Directors of nursing should be involved in tackling NHS waste management problems, say nurse leaders

RCN report on NHS England waste management reveals huge disparity in cost of processing waste

RCN report on NHS England waste management reveals huge disparity in cost of processing waste

  • Financial and environmental reasons for emphasising issue of waste at board level 
  • Respondents at 15% of NHS trusts surveyed never report on waste to their board
  • Nurses have 'significant role’ in reaching national target on carbon-dioxide-equivalent emissions

Picture: iStock

According to an RCN report on the management of waste in the NHS in England, organisations with ‘innovative strategies’ on waste management could deliver significant improvements, foster a culture of engagement and create data that would drive cost savings to the NHS at local and national level.

The report reveals huge variation across organisations in the cost of processing waste: from less than £100 to nearly £22,000 a tonne.

Nursing leaders stated that directors of nursing should use their influence to ensure waste management is seen as a board issue in NHS organisations. There are financial and environmental reasons for emphasising the issue of waste at board level, the report states.

Sustainability agendas

There are also opportunities for organisations to integrate the issue into their overall sustainability agendas.

However, according to staff at 15% of the 156 trusts that responded to the college’s survey on waste management say they never report on waste to the board, in contrast to 60% that report annually.

‘Nurses want to be part of the solution to the problem of waste management’

RCN chief executive Janet Davies

RCN professional lead for infection prevention and control Rose Gallagher says: ‘If 15% of trusts have no form of reporting at board level, it means they may be completely unaware of the potential to improve waste management processes.’

Ms Gallagher adds that discussion at board level could also be incorporated into conversations about sustainable plans. Directors of nursing can ask what their organisations should be discussing and how this can be brought together with other issues, such as sustainable plans, to produce impressive results.


fewer tonnes of waste were produced overall by the NHS in England in 2015-2016 than in 2009-2010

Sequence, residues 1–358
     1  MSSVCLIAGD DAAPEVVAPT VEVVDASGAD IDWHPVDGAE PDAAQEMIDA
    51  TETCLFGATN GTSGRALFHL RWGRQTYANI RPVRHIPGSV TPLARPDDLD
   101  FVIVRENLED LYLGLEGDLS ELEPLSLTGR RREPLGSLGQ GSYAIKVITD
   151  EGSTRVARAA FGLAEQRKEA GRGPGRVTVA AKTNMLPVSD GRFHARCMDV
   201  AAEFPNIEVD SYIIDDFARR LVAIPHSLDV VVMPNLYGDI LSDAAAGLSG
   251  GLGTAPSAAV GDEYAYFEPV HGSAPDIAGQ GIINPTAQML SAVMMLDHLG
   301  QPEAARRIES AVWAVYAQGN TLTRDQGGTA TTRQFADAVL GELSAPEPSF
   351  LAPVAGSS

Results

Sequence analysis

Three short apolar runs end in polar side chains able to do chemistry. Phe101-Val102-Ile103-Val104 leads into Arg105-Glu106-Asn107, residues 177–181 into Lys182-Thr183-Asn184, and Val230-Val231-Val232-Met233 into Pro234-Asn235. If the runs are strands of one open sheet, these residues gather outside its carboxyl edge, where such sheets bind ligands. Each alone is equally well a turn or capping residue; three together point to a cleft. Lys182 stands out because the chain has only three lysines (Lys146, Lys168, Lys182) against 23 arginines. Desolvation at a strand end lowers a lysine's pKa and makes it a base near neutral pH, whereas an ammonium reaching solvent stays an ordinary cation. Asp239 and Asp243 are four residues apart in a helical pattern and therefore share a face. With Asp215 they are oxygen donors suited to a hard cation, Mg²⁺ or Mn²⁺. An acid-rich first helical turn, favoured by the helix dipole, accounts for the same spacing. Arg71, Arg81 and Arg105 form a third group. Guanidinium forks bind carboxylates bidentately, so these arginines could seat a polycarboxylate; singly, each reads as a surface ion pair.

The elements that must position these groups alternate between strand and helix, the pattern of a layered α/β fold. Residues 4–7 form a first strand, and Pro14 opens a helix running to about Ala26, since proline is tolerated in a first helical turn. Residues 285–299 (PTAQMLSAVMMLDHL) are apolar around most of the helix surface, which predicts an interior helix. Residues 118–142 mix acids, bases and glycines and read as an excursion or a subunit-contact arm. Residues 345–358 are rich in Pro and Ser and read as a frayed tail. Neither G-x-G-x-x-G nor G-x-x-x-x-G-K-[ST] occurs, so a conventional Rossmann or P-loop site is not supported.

(Source: RCN)

‘How are organisations joining up these things and how are they making improvements to their carbon footprints?’ she asks. 

‘If waste management is not discussed at board level, it is not being discussed as a multi-professional issue.

‘My hope is that directors of nursing will read this RCN report and start asking questions; we want them going back to their organisations saying: “We need to discuss waste at board level.”’

RCN chief executive Janet Davies agrees with Ms Gallagher. ‘Nurses want to be part of the solution to the problem of waste management and help to reduce the striking variations between trusts that our report identifies,' she says.

‘We need to empower senior nurses to speak up about this; our research has identified significant savings for the NHS if nurses can be supported to manage waste segregation differently.’

The report highlights huge disparities across England in the costs of dealing with NHS waste, as well as the amounts of bagged tonnes being produced. 

The three categories of bagged waste are non-hazardous municipal, non-hazardous offensive and hazardous infectious waste.

Counting the cost

Costs of dealing with waste are steadily rising and the total cost of waste reported by 69% of NHS trusts was £33.3 million in 2015-2016.

Infectious and municipal waste has seen a reduction in overall tonnage when compared with a previous survey conducted by the RCN in 2009-2010.

‘Directors of nursing can be the spokesperson to get the support nurses need to do the right thing’

RCN professional lead for infection prevention and control Rose Gallagher

Infectious waste reduced by 33%, down to 60,780 tonnes in 2015-2016, while municipal waste reduced by 15%, down to 110,103 tonnes in the same period.

However, the amount of offensive waste has risen. This kind of waste can include items containing bodily fluids, but is thought to pose no infection risk. Examples include stoma and catheter bags and incontinence pads.

In 2009-2010, trusts reported 3,312 tonnes of offensive waste being produced, but in 2015-2016, this figure rose more than four times, to 14,350 tonnes.

£33.3 million 

Total cost of waste reported by 69% of NHS trusts in 2015-2016